The interesting thing, Ed, is that I can tell you that journalists are calling me. We are getting interest from people who have always been interested in gold but don't see new people coming in. If you have a look at the flows in gold ETFs, that's the confirmation of that thesis that the mainstream hasn't recognized yet, that gold is doing tremendously well, and that it has made new all-time highs in now really every currency. We are far away from a mania. We are far away from this irrational exuberance, and that's a pretty good sign from my point of view.

When it comes to the mining space, I would say the companies had to deal with the inflation pressure. I think most of the companies that we did a pretty good job, and inflation on the cost side should be fairly muted this year. We're seeing record-high margins for many companies we follow, but we don't see any risk appetite in the mining space. We're seeing that the cost of capital has increased significantly. Financing a project at 5% is a different story compared to 0%.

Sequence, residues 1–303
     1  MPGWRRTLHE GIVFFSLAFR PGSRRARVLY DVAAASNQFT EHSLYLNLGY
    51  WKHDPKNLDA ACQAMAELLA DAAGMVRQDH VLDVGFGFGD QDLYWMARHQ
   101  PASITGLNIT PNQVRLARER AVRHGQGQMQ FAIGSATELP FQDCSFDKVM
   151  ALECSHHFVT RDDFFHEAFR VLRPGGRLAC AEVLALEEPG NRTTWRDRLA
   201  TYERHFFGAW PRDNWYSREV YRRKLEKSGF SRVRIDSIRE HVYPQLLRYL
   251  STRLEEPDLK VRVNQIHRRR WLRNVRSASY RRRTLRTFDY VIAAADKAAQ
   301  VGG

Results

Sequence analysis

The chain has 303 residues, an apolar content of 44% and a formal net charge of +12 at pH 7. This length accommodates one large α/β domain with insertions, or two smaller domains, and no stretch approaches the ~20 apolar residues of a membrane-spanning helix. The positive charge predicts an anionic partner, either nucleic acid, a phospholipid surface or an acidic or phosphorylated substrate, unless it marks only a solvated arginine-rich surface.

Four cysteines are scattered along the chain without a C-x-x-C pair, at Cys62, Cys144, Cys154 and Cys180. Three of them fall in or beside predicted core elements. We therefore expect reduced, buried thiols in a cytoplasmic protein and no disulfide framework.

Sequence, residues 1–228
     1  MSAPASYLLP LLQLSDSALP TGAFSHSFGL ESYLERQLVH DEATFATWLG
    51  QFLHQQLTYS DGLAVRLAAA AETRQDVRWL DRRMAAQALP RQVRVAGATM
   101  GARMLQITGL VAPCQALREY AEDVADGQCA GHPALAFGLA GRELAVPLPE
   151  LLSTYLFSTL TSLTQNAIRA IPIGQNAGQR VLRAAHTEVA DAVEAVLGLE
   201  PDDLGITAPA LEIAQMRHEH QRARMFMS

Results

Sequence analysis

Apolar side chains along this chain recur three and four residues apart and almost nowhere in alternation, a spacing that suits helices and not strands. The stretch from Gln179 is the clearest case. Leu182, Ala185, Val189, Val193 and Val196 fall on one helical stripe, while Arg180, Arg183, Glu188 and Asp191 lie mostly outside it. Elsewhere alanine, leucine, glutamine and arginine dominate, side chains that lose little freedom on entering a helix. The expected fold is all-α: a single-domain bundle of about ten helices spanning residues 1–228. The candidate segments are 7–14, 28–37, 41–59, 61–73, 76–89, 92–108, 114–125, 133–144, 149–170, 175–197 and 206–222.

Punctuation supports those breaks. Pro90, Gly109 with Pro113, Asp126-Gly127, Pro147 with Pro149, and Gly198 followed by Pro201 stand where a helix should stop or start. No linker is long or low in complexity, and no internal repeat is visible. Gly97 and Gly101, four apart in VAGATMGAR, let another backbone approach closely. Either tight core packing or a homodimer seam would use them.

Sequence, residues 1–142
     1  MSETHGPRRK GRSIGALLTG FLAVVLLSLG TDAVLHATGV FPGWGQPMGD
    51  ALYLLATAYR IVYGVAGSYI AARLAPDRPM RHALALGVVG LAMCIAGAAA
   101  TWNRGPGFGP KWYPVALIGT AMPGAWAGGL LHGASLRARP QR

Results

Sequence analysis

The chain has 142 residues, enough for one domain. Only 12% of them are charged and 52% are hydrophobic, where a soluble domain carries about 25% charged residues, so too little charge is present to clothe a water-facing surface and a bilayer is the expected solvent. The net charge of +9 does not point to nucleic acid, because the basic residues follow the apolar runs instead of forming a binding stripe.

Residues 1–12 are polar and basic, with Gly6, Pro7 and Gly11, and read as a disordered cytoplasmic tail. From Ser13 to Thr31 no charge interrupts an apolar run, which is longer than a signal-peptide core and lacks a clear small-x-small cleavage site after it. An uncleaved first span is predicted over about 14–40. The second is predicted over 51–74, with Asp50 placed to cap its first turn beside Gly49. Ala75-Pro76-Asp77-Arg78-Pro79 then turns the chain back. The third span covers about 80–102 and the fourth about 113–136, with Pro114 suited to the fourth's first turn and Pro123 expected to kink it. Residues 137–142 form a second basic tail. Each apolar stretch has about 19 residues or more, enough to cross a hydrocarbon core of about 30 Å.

Then, what we also see is that political risk has come back in the last couple of months. It's been a tough year for the mining space, but that's a job that management teams have to navigate and smartly allocate capital in a tough environment.

Ed Coyne: Let's return to the currency statement momentarily. One of my favorite reports you do is the Monthly Gold Compass. One of the first things you talk about is exactly what you just mentioned: gold in different currencies. Talk a little more about why that's important and why investors should look at what gold's doing in multiple currencies. Could you spend a little bit of time on that?